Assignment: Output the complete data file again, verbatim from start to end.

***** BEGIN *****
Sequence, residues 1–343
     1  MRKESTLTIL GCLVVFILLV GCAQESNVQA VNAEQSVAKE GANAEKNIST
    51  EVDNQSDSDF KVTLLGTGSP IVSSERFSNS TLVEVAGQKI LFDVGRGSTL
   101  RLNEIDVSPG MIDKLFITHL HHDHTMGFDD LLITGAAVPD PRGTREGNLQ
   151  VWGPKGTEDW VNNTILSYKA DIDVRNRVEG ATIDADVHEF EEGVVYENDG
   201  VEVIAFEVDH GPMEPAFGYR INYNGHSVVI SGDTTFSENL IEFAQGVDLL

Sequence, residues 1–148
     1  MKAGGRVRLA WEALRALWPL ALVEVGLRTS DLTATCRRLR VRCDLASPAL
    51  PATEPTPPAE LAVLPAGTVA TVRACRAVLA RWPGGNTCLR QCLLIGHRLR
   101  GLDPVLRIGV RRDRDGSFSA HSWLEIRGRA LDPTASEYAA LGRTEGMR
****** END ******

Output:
Sequence, residues 1–343
     1  MRKESTLTIL GCLVVFILLV GCAQESNVQA VNAEQSVAKE GANAEKNIST
    51  EVDNQSDSDF KVTLLGTGSP IVSSERFSNS TLVEVAGQKI LFDVGRGSTL
   101  RLNEIDVSPG MIDKLFITHL HHDHTMGFDD LLITGAAVPD PRGTREGNLQ
   151  VWGPKGTEDW VNNTILSYKA DIDVRNRVEG ATIDADVHEF EEGVVYENDG
   201  VEVIAFEVDH GPMEPAFGYR INYNGHSVVI SGDTTFSENL IEFAQGVDLL

Sequence, residues 1–148
     1  MKAGGRVRLA WEALRALWPL ALVEVGLRTS DLTATCRRLR VRCDLASPAL
    51  PATEPTPPAE LAVLPAGTVA TVRACRAVLA RWPGGNTCLR QCLLIGHRLR
   101  GLDPVLRIGV RRDRDGSFSA HSWLEIRGRA LDPTASEYAA LGRTEGMR